What do You Understand by Recombinant DNA Technology?

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What do You Understand by Recombinant DNA Technology?

Discuss the Moral, Ethical, Social, Economic and Environmental Issues Associated with the Technology, giving your views.

There are two essential substances found inside bacterial cells required before the process can begin. Present in the cytoplasm of a bacterial cell are a number of small circular pieces of DNA known as plasmids. Also present within the bacterial cell are restriction enzymes which cut DNA molecules at specific sites. By selecting the correct restriction enzyme, DNA molecules from different organisms can be cut at predictable sites to extract specific genes from lengths of DNA.

The first task in the process is to isolate the required gene. This can be done in three different ways; working backwards from the protein, using messenger RNA, or using DNA probes. Once the gene has been isolated, the next step is to cut the gene from its DNA chain. This is done using the restriction enzymes (restriction endonucleases). Now we have the required gene the next stage is to insert it into a vector which will be used to produce the required protein. This is where the plasmids described earlier come in (this could also be done using a virus as a vector). The plasmid is cut using the same restriction enzyme as was used to cut the gene out. In a process called ligation (controlled by the ligase enzyme) the ends of the gene and those of the plasmid join together. The new molecule contains genes from the plasmid and from another organism and is thus called recombinant DNA. This DNA is then introduced into the host cell and, using antibiotics the cells containing the recombinant DNA are selected. The genes which have been spliced into the vector continue to produce the same protein as they did in their original cells. The vectors then multiply and produce many genetically identical daughter cells which also produce the required protein. There are many different methods of genetic engineering, but the outcome is the same, DNA from one species is inserted into a different species and made to produce its normal proteins.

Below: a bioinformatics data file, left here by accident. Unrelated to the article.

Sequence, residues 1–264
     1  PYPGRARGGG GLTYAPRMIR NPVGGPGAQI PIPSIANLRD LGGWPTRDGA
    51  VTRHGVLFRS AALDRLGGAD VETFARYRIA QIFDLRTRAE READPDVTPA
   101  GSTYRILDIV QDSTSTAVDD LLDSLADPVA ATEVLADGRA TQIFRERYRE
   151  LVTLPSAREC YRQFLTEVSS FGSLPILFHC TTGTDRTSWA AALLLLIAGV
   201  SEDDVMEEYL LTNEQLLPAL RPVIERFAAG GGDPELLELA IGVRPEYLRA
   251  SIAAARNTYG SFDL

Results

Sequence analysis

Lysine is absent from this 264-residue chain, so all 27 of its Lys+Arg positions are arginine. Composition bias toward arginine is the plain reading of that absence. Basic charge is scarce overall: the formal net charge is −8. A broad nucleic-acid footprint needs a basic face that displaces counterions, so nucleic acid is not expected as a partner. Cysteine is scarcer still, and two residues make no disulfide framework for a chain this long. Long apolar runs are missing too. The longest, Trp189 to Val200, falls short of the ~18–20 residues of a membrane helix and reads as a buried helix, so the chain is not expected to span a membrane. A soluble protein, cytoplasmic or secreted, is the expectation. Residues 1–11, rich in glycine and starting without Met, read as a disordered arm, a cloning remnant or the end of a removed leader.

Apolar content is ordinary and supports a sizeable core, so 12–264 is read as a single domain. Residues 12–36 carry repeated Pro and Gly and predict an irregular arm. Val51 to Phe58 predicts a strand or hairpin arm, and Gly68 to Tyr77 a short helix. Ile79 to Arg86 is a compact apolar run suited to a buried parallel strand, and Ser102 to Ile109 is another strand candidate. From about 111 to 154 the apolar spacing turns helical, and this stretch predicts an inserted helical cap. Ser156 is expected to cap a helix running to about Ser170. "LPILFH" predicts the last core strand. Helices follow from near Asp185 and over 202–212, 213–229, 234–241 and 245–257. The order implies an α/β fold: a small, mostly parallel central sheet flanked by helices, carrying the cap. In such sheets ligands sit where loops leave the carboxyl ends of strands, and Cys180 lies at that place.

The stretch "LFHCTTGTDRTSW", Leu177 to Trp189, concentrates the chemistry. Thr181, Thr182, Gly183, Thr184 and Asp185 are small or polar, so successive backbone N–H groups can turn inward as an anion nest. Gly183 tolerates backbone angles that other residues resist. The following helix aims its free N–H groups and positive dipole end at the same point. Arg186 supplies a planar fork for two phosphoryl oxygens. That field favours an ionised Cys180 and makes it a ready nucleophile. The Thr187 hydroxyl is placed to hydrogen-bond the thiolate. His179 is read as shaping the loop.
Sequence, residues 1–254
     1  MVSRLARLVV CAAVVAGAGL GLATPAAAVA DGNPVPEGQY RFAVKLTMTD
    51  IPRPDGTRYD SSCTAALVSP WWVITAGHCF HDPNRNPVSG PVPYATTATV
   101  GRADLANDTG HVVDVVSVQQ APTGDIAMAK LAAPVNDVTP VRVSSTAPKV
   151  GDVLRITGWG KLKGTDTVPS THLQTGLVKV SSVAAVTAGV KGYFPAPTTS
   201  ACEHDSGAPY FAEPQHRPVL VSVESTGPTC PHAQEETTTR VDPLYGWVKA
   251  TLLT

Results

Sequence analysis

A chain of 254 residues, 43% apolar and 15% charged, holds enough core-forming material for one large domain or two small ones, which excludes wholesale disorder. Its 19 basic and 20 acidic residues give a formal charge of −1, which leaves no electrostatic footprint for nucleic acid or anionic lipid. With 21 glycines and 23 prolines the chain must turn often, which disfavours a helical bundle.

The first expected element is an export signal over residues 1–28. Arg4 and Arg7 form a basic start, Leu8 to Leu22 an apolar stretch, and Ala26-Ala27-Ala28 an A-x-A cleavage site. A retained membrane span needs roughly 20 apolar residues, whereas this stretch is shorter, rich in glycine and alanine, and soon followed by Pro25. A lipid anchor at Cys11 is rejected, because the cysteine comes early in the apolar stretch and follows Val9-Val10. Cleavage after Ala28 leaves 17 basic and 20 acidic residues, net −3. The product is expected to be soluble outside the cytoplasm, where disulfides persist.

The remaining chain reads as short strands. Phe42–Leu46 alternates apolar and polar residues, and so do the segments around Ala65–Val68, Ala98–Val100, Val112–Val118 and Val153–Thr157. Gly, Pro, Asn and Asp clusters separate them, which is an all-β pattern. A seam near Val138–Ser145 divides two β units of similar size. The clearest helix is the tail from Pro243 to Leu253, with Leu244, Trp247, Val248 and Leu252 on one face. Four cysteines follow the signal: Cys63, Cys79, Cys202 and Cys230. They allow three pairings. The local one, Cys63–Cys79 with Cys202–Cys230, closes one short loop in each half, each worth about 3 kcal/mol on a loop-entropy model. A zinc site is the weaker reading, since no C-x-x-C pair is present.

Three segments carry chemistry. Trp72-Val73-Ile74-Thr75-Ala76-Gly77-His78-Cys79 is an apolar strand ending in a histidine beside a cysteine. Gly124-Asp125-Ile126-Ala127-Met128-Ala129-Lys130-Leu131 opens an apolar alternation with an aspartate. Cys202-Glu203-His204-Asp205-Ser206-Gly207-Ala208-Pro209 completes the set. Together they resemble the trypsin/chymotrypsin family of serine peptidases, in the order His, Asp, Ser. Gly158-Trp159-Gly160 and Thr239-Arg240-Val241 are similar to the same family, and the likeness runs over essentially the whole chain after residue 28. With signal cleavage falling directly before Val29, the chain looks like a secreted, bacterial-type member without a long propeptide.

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Firstly I will consider the moral and ethical issues. It is hard to find any moral objection to the use of this technology in the treatment of diseases and improving food production. However, developing new therapeutic techniques may involve testing on animals. A laboratory animal’s genes may be altered so that it suffers from a human genetic disease, and then they could be used to try out a new gene therapy which could be beneficial to humans. Another ethical problem is the possibility of introducing favourable characteristics into human zygotes and thus creating “designer babies”. However, at present it ...

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